I feel organisations often look at a problem from one side and don’t consider everyone that can be affected. I have felt this since becoming a dad – I appreciate there are more options available to me, such as Shared Parental Leave.

Also since coming back to work, my life has changed dramatically – things don’t carry on as before. It was difficult surviving on 1-2 hours’ sleep and my ability to stay late in the office was limited. It not only had an impact on my work but also the team’s work and the service we could deliver to clients. Fortunately I have been able to explain this to the team members I work with and we are taking steps to increase the support provided to all expectant parents and their associated teams. I see Mazars as a firm that is really taking this on board and truly wanting to be more inclusive.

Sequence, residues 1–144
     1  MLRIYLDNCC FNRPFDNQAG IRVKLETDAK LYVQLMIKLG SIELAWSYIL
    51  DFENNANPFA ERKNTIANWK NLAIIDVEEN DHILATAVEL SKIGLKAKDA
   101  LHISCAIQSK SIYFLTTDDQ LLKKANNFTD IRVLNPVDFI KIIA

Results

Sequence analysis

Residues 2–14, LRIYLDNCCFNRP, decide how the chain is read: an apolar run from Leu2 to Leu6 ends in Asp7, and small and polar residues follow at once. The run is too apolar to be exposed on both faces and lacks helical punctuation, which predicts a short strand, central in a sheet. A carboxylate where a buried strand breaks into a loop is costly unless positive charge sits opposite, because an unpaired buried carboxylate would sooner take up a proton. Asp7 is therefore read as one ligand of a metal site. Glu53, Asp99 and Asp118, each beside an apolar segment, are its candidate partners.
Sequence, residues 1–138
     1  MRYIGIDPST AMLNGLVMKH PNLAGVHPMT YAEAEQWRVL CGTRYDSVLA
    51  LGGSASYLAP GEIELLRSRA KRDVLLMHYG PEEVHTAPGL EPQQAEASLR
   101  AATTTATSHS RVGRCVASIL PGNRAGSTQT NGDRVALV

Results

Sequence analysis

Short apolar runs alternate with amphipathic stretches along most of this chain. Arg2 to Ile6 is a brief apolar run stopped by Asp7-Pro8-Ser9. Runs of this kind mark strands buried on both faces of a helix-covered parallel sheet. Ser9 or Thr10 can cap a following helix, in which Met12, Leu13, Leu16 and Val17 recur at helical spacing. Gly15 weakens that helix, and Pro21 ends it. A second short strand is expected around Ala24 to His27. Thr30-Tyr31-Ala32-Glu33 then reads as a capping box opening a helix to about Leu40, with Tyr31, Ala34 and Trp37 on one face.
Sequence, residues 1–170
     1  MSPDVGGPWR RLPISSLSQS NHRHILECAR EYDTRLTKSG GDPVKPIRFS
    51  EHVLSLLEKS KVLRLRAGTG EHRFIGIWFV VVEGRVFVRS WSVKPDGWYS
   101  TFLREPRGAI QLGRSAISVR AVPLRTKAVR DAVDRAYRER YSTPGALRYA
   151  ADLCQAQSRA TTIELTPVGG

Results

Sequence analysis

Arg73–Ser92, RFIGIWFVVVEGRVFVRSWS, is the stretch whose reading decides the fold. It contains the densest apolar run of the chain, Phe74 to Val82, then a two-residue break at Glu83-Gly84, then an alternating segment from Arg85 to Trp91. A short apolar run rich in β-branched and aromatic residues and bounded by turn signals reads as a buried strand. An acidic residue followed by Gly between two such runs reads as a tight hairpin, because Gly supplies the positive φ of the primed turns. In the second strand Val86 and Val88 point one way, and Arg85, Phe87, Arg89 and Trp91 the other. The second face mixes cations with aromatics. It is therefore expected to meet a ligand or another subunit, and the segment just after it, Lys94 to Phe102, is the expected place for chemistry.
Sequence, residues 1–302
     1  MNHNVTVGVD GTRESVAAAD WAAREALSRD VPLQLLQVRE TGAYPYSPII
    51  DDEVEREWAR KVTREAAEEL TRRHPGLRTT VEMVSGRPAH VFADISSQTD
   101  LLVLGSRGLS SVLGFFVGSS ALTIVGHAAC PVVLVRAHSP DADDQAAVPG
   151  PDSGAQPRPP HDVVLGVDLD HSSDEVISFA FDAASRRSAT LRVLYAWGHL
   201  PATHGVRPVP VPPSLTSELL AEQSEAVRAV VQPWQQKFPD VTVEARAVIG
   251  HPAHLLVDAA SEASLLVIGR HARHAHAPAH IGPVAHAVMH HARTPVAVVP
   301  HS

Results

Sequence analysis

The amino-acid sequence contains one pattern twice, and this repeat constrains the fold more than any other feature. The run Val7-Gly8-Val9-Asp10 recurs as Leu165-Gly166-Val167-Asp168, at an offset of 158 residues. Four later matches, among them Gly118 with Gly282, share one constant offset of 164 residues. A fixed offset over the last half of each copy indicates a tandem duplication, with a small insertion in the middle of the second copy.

Therefore, to be truly inclusive, organisations should make sure they keep the lines of communication as open as possible. Being able to talk to your colleagues is really important.

Thank you to Martin for taking the time to speak to us. We will be publishing more #WeAreMazars interviews over the coming months so stay tuned!

#WeAreMazars: Siobhan

This week, we’re joined by Siobhan who works in the Business Support Team for Mazars’ Financial Planning based in Milton Keynes. Siobhan recently spoke on a panel for the launch of Stonewall’s Starting Out 2018/19 guide, sharing their experience of being a young LGBT professional. Siobhan tells us their career path to date, the main motivation for applying for Mazars, their most inspirational figures in life, and how they handle mental health difficulties.